Endeavour Inlet and the Antimony Mine


Endeavour Inlet was so named by Captain James Cook after his ship Endeavour, which anchored in Queen Charlotte Sound in 1770.  At the time this, and other bays near the entrance to the Sound, were populated seasonally by Māori groups, probably of Ngāti Apa, Ngāti Kuia and Rangitāne. After European settlement, much of the bush in Endeavour Inlet was cleared and farms were established.

Ant mine 179103Antimony Mine, Endeavour Inlet, No 1 Paddock and Dam. Nelson Provincial Museum, Tyree Studio Collection: 179103
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At one time there was a significant antimony mine in the Inlet. The metallic element is usually found in a compound with sulphur, stibnite being the most common. Antimony was known in ancient times and was used by women in Egypt as eye makeup (a dangerous practice as the mineral is hazardous to human health). It was also used in making coloured glazes and glassware and, in the Middle Ages, alchemists used it in attempts to turn lead into gold.  In the modern world antimony is used to strengthen alloys, in ceramics and glass, plastics and flame retardant materials.

Ant mine 179104Antimony Mine, Endeavour Inlet, No 1 Paddock and Dam. Nelson Provincial Museum, Tyree Studio Collection: 179104
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Ant mine 181917Antimony Mine, Endeavour Inlet. Nelson Provincial Museum, Tyree Studio Collection: 181917
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In 1873 ore containing 60% antimony was discovered in a landslide near the saddle between Endeavour Inlet and Port Gore. It was found during prospecting of the Queen Charlotte Sound Goldfield, proclaimed in October 1872, and within a line of mineralisation running from Titirangi Bay through Endeavour Inlet to Resolution Bay. The discoverer may have been John Ashworth, who had settled at Endeavour Inlet. There had been some mining activity at Resolution Bay and on the east side of Endeavour Inlet; however, the only significant stibnite production came from mines associated with the lode at Endeavour Inlet.

John Ashworth and a local syndicate formed the Marlborough Antimony Company Ltd.. Mining started in 1874, almost two km from the coast, and a smelter started in 1875. A small amount of gold was also obtained from the site during the early mining days.

Within a few years, however, the smelter failed and the mine was closed. Ashworth unsuccessfully attempted to resurrect the mine in 1877. In 1883 a small syndicate, headed by Houston Logan of Wellington, established the Endeavour Inlet Antimony Company. The high price of antimony allowed capital to be raised to find the main ore body. This syndicate mined the number 1 level at the saddle and two lower levels. An extensive processing works, including a smelter, was established 500m inland from the inlet. A fall in the price of antimony, low-grade ore and smelting problems forced the syndicate to seek English capital, and the New Zealand Antimony Company was registered in London in 1888. This company developed levels 4-7 but found no source of high-grade ore.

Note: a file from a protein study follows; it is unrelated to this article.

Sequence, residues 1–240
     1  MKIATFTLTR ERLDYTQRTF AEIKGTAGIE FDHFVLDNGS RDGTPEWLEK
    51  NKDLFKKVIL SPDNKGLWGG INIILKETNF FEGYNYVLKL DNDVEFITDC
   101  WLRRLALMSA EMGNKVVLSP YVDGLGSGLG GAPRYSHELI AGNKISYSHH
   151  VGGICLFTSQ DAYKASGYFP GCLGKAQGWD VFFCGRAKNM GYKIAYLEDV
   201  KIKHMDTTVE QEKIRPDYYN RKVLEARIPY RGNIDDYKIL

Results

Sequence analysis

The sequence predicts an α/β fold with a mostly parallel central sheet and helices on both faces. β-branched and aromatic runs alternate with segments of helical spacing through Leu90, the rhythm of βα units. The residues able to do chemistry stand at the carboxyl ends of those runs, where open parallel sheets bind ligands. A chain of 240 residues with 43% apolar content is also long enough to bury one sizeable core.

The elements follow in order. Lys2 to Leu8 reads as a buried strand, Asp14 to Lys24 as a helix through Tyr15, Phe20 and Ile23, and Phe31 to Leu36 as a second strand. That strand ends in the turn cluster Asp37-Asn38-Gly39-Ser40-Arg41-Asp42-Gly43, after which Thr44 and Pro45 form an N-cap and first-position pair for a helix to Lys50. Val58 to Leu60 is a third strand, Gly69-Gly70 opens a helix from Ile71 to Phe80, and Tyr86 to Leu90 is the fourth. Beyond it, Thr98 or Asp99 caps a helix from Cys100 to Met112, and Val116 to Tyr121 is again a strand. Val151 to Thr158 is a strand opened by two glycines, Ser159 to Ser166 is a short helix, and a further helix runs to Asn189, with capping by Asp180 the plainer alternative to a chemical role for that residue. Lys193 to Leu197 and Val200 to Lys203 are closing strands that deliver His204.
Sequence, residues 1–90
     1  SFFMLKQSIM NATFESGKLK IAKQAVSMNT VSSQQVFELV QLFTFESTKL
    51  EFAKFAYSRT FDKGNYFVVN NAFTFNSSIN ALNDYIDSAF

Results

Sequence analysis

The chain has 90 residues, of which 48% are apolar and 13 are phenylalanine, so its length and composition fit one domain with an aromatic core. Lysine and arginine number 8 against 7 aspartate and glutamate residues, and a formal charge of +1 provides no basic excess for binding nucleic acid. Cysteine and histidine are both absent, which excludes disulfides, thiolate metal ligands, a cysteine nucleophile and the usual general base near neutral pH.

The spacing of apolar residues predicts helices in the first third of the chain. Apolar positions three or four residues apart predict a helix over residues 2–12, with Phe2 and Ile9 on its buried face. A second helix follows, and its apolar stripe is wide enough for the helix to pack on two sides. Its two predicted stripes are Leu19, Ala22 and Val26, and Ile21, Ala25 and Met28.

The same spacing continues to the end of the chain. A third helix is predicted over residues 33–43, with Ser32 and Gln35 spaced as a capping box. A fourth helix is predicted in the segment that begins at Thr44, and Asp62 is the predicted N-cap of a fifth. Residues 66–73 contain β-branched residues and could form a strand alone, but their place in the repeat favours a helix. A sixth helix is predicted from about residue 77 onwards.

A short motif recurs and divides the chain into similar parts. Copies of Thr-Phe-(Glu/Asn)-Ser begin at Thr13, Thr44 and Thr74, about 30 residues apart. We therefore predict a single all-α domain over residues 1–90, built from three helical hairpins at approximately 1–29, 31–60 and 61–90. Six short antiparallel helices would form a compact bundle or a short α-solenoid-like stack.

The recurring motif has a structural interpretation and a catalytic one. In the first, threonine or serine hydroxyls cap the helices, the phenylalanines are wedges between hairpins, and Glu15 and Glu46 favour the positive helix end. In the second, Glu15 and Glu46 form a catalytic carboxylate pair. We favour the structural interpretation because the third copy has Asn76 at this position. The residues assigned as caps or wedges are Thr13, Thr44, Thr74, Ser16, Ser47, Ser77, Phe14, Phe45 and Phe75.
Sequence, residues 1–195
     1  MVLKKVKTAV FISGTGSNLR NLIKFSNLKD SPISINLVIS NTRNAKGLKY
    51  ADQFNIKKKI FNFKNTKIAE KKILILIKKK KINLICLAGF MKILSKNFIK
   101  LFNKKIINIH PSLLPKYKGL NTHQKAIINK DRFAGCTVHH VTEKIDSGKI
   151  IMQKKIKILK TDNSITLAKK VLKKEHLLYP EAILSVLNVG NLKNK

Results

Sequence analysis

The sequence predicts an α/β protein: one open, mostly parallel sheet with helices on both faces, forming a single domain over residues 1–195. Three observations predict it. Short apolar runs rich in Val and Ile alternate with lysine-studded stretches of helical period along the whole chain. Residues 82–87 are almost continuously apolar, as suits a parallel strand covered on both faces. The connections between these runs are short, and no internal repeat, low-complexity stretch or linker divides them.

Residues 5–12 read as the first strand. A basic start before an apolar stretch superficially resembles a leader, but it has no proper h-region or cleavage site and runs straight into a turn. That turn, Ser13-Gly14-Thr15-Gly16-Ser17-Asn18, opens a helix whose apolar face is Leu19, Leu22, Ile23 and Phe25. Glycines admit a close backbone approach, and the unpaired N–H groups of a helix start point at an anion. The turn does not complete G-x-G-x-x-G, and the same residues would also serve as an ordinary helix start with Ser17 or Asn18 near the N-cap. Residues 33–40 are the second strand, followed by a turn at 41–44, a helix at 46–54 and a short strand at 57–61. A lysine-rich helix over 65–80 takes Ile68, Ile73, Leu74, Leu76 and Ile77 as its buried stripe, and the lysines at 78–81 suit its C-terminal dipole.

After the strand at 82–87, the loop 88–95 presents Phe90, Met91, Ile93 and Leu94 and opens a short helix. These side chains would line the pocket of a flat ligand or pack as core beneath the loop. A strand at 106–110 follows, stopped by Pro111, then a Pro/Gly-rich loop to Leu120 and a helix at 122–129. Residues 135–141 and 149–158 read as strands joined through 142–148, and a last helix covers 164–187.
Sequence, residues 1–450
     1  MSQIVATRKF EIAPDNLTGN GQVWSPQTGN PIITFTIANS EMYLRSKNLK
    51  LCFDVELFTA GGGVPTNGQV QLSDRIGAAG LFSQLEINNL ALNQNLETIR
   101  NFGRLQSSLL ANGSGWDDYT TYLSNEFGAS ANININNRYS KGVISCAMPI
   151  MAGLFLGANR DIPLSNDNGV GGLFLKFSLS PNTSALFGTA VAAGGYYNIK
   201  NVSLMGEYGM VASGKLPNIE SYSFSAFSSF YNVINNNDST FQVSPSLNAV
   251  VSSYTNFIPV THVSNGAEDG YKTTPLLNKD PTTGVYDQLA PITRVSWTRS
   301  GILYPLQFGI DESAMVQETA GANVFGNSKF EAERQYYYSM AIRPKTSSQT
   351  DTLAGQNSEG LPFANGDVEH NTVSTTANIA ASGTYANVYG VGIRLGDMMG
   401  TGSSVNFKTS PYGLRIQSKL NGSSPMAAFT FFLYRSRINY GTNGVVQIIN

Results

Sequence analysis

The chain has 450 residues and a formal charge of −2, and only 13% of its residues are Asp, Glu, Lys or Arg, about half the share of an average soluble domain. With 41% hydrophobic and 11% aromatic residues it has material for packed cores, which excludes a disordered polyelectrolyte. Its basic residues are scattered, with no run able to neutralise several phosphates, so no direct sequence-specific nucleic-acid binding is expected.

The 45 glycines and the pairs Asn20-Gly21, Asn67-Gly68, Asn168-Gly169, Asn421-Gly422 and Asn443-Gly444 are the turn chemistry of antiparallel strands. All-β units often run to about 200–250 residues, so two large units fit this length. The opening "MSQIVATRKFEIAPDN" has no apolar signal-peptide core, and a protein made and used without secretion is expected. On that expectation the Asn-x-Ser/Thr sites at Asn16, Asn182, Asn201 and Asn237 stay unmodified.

New Zealand Antimony was forced into voluntary liquidation in 1892. A smaller New Zealand syndicate then took over the mine and formed the Star Antimony Company in 1892. This operation survived until July 1901, when it too foundered. Several groups then attempted to revive the mine up until 1908 but failed. Jaketh Wearne, the mine manager from 1888 until 1891, remained in the district and was involved in the attempts to reestablish the mine. In 1907, having recently lost a court case over the mine, he committed suicide at the mine's assay room by swallowing concentrated hydro-chloric acid.

Ant mine 179109Stibnite Sheds, Endeavour Inlet. Nelson Provincial Museum, Tyree Studio Collection: 179109
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Ant.mine from aboveAntimony Mine from above. Picton Museum
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At one stage the mine was one of the largest industries in Marlborough, and employed and housed more than 100 men, some of whom were imported from England.  There was a manager’s house, and a jetty was built allowing good-sized steamers to berth.  There was a post office and even an antimony mines band.  A school was started in 1887 and seems to have opened and closed as the mine was stopped and re-started, finally closing in 1895.  Over the years many tons of ore and smelted mineral were exported, and several times medals were won in Europe for the quality of the antimony.  More efforts were made in 1927 and 1933 to re-open the mine, and a new prospector’s licence was granted in 1951, apparently without result. 

Today little of the mine can be seen. It can be approached from the Queen Charlotte Sound track at Endeavour Inlet. The initially flat track from the beach soon becomes quite steep. The most prominent features on the site today are the remains of the treatment works and smelter adjacent to the waste rock pile, drives (mine tunnels, shafts or levels) that can be seen from the track and, finally, the number one drive in the cut on the saddle between Endeavour Inlet and Port Gore.

This story was originally published in the Picton Seaport News, with additional information supplied by Department of Conservation, 2009. Updated May 2020

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Further sources - Endeavour Inlet and the Antimony Mine



  • Packer, A. (Mar, 2000) Metal detecting. North and South, 168. p.33 (a visit to the antimony mine)

From Papers Past (some of a number of relevant articles)

Web Resources